And the inhabitant of this isle shall say in that day, Behold, such is our expectation, whither we flee for help to be delivered from the king of Assyria: and how shall we escape?
And the inhabitants of this isle shall say, in that day,.... Not of Ashdod, Isaiah 20:1 or the isle of Caphtor, Jeremiah 47:4 but the land of Israel, as both Jarchi and Kimchi interpret it; so called, because it bordered on the sea, as such countries are sometimes called isles; see Jeremiah 25:22. Ben Melech interprets it of Jerusalem, and observes that the word signifies a place or country, whether it has a river or sea encompassing it, or not; besides, the land of Canaan had the Mediterranean sea on one side of it, and the sea of Galilee and Tiberias on the other, and was moreover separated from all other countries by the power, providence, and presence of God:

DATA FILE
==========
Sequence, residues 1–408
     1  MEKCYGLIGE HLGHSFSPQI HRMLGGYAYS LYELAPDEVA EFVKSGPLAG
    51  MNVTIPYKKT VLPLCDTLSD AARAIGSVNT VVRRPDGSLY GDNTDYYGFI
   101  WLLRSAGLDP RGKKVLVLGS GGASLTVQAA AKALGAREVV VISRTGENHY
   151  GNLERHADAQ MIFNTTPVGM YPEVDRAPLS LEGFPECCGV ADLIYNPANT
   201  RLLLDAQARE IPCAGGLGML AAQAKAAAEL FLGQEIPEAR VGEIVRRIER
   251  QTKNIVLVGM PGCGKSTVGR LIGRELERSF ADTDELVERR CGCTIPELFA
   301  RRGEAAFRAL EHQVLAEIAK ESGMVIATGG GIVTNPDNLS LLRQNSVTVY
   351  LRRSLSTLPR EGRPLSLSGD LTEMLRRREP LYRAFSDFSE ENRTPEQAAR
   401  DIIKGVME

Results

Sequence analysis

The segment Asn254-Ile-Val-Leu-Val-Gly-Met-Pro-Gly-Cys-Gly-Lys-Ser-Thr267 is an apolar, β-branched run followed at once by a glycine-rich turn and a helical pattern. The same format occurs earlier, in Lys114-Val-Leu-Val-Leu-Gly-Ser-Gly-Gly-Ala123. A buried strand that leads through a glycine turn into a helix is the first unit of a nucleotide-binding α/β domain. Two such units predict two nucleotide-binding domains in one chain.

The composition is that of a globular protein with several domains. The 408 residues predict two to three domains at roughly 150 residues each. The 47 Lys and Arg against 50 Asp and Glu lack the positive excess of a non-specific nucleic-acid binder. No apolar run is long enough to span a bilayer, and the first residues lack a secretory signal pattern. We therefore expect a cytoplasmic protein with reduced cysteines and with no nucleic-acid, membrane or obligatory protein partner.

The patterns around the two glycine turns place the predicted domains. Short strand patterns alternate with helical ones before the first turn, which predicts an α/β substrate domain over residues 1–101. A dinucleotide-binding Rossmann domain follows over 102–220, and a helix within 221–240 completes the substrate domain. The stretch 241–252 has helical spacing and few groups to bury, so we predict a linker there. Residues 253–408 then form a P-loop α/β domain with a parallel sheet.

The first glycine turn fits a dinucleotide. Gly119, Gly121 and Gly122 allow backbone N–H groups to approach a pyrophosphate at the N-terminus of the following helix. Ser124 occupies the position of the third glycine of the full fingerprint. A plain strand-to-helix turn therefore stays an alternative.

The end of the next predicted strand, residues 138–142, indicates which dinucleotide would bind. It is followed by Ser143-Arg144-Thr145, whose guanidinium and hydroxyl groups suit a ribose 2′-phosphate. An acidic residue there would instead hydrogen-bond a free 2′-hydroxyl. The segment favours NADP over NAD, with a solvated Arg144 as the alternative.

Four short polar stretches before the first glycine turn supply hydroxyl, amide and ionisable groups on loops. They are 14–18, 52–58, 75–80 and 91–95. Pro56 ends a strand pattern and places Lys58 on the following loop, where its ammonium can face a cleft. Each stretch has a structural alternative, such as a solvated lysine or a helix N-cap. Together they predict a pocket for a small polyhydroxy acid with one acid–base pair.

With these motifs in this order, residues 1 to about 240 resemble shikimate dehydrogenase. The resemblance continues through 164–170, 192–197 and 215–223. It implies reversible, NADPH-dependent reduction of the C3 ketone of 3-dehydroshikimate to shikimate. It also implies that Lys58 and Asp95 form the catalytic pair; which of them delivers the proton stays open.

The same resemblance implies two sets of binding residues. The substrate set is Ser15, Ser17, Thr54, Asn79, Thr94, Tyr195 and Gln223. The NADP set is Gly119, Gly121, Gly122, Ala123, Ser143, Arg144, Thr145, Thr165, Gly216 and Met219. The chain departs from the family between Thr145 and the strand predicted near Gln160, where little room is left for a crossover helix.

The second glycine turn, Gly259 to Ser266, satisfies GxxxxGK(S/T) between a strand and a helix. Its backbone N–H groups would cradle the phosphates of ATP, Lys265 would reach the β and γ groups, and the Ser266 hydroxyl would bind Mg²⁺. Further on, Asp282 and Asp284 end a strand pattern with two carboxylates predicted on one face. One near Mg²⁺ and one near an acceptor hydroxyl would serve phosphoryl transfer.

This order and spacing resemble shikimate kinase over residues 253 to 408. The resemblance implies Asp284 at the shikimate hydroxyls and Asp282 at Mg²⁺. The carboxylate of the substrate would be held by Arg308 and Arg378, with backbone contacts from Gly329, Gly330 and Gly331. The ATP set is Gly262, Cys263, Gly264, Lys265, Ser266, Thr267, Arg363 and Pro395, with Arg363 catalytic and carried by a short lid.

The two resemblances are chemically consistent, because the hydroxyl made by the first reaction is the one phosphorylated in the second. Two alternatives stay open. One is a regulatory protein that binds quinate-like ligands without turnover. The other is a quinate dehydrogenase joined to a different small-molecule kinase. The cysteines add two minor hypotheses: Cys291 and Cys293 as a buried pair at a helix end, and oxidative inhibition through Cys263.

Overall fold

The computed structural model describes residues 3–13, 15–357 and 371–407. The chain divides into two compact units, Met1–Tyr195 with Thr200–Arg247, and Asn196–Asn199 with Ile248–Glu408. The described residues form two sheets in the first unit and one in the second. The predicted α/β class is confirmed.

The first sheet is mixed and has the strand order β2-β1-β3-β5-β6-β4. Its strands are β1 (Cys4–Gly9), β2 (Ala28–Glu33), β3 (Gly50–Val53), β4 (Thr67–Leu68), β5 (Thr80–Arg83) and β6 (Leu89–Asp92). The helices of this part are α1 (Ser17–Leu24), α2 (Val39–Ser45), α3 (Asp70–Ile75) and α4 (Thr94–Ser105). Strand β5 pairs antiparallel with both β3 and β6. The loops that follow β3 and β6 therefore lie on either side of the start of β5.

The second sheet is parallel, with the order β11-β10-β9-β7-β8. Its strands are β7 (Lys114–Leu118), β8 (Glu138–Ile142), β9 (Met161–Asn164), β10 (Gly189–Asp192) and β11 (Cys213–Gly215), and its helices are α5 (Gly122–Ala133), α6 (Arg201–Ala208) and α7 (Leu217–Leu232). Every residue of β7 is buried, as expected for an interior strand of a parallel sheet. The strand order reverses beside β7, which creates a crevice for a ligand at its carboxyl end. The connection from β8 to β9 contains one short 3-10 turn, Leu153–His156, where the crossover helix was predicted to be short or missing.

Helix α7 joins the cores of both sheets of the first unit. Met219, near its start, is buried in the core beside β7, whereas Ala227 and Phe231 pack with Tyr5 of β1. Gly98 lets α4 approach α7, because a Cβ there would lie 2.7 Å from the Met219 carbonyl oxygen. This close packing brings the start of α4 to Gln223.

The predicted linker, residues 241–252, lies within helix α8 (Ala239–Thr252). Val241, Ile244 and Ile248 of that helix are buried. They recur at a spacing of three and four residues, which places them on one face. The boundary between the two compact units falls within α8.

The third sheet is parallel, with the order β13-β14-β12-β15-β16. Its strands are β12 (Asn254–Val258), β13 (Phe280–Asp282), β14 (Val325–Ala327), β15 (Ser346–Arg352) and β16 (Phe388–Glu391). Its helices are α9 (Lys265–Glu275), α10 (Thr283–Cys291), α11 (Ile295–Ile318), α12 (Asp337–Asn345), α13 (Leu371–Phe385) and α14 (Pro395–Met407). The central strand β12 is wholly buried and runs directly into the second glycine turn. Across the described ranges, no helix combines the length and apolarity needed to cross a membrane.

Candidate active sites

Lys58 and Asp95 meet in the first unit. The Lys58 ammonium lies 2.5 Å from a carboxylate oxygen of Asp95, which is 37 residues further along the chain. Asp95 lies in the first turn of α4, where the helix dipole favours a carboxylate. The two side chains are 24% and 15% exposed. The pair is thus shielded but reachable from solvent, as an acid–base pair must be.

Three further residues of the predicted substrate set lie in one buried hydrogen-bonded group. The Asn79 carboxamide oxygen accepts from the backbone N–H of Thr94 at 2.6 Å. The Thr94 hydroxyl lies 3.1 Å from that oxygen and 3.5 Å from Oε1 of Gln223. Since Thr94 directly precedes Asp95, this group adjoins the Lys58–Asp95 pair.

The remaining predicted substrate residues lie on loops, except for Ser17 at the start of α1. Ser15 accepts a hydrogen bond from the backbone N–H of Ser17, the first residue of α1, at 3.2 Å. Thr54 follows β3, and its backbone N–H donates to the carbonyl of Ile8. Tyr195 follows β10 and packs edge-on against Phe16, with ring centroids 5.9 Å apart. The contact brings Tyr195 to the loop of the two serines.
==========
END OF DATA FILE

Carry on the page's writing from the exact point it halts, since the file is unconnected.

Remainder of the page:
Behold, such is our expectation, whither we flee for help, to be delivered from the king of Assyria; signifying that it was vain and foolish, and they had acted a very weak, as well as a wicked part, in having recourse to the Egyptians and Ethiopians to help them against the Assyrians, as it plainly appeared by both nations now being conquered by them:
and how shall we escape? seeing they had not, who were more powerful than they were; and how could they think that they could save them, who could not save themselves? and so the Targum,
"if they have not delivered their souls (themselves), how shall we be delivered?''